“The game of
(base) ball is glorious”
“…Baseball is a lot like
Its followers put their faith and
hope in uncontrollable forces in search of fulfillment and inner joy….
Baseball is about coming home.
The whole point of the game is to finish where you begin – home plate – and
once you are home you are finally safe."
James Penrice, The Spiritual Lessons of
my beginning is my end…
is where one starts from…
my end is my beginning.”
-T. S. Eliot, “East Coker”
“Your grandfather once told me it was ok to think about
what you want to do until it was time to start doing what you were meant to do.”
- The Rookie
So where does one get the authentic sense of
purpose and identity? What event during one’s younger years sparks that
flame to burn and cast a true light as to where one should be headed. Who
created that spark? What was the point of this spark in the first place? Why does
this flame make everything crystal clear and yet still muddy the waters of
one’s own desires and notions about what and where one should be? Could there
be more than one flame or more than one source? Would another flame appear if
one burned out? Is there any end to the sparks?
Was that youth recreation baseball coach some
angelic spirit in human disguise? How did he get here? What was his purpose? Why
did he busy himself with encouraging his young charges to be authentic, free to
be one’s self, joyful and be in the moment? How did time become no time?
Seizing the day, the moment never seemed to be so real did it? How did winning
and losing evaporate and get carried away by some sacred breeze?
Who would have thought that the smell of
linseed oil on leather would replace that of incense? Who would have believed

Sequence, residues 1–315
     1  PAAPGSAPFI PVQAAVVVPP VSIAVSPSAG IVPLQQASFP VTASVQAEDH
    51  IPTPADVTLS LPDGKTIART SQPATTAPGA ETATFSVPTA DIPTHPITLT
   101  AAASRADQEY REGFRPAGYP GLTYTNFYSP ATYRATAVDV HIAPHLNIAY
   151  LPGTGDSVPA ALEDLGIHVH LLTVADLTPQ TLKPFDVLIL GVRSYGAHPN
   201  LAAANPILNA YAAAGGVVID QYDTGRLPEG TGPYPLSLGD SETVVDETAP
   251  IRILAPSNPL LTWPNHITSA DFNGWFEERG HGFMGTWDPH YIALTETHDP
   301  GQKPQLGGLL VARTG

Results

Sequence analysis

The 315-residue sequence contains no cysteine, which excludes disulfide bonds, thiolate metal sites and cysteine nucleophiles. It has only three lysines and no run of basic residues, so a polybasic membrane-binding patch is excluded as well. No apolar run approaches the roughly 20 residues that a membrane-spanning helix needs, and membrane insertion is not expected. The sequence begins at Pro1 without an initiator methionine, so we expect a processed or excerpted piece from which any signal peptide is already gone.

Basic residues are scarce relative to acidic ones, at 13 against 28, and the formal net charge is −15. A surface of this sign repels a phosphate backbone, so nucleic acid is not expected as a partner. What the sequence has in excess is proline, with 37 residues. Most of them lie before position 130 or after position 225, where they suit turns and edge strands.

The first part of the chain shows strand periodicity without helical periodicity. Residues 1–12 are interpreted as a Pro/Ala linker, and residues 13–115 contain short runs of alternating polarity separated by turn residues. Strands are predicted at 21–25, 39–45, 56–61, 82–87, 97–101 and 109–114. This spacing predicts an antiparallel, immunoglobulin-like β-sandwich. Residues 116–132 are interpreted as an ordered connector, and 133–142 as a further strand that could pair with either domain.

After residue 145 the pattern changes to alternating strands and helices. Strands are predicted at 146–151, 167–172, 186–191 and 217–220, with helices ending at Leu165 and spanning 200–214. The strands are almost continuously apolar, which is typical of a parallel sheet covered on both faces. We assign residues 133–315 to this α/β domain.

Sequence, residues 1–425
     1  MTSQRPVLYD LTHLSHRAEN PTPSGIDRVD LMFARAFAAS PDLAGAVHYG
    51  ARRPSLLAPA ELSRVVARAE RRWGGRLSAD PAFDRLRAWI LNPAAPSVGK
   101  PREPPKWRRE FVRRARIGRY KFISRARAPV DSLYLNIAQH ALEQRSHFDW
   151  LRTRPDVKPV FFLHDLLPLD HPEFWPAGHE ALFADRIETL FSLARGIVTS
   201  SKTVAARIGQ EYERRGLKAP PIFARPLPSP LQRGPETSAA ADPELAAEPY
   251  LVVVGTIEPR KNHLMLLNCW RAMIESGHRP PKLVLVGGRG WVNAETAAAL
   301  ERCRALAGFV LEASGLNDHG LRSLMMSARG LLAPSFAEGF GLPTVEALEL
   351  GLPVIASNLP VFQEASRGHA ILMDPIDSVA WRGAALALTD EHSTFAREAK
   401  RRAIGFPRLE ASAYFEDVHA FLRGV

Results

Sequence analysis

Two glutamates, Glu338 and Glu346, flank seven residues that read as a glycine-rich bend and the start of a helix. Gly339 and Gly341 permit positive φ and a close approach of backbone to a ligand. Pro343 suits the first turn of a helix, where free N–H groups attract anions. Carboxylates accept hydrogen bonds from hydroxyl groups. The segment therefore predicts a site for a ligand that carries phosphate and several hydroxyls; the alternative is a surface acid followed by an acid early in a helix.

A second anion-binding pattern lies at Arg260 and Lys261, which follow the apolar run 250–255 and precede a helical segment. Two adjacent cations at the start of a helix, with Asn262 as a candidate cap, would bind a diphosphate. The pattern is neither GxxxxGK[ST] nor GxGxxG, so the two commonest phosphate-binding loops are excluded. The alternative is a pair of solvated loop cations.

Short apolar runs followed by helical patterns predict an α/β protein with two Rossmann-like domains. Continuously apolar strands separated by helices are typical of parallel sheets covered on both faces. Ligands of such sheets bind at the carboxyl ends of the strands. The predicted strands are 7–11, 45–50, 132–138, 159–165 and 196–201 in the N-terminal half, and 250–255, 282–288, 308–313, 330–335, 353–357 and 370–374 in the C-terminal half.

that the 108 stitches on a baseball would coincidentally be the same number as
Buddhist prayer beads or two mysteries of the Catholic Rosary?
Was this the great lesson that could not be
taught or understood in school and churches? Were the players who were selected
identified by some greater spirit as needing to learn the lesson of
unconditional love for self and others, truth, authenticity, faith and
integrity by playing this game for this coach ?
And by the way when did the last two words of
the National Anthem become “Play Ball?”
Can I hear an "Amen?"
is called - Grantland Rice
Game Called. Across the field of play
the dusk has come, the hour is late.
The fight is done and lost or won,
the player files out through the gate.
The tumult dies, the cheer is hushed,
the stands are bare, the park is still.
But through the night there shines the light,
home beyond the silent hill.
Game Called. Where in the golden light
the bugle rolled the reveille.
The shadows creep where night falls deep,
and taps has called the end of play.
he game is done, the score is in,
the final cheer and jeer have passed.
But in the night, beyond the fight,
the player finds his rest at last.
Game Called. Upon the field of life
the darkness gathers far and wide,
the dream is done, the score is spun
that stands forever in the guide.
Nor victory, nor yet defeat
is chalked against the players name.
But down the roll, the final scroll,
shows only how he played the game
- Grantland Rice
People will come – Field of Dreams
Dream- Field of Dreams
Farewell Moonlight – Fields of Dreams
Hey Dad Wanna
Catch? – Field of Dreams
the love of the game- Just Throw
Natural - Ending
( Dedicated to Coach B who taught me to let
go , be present and be myself - to live , work and play with joy and love. I still
have my youth baseball glove at hand to help me remember to remember.
I always loved having a catch with my
daughters. You ladies are the best! Get out your gloves for our next get
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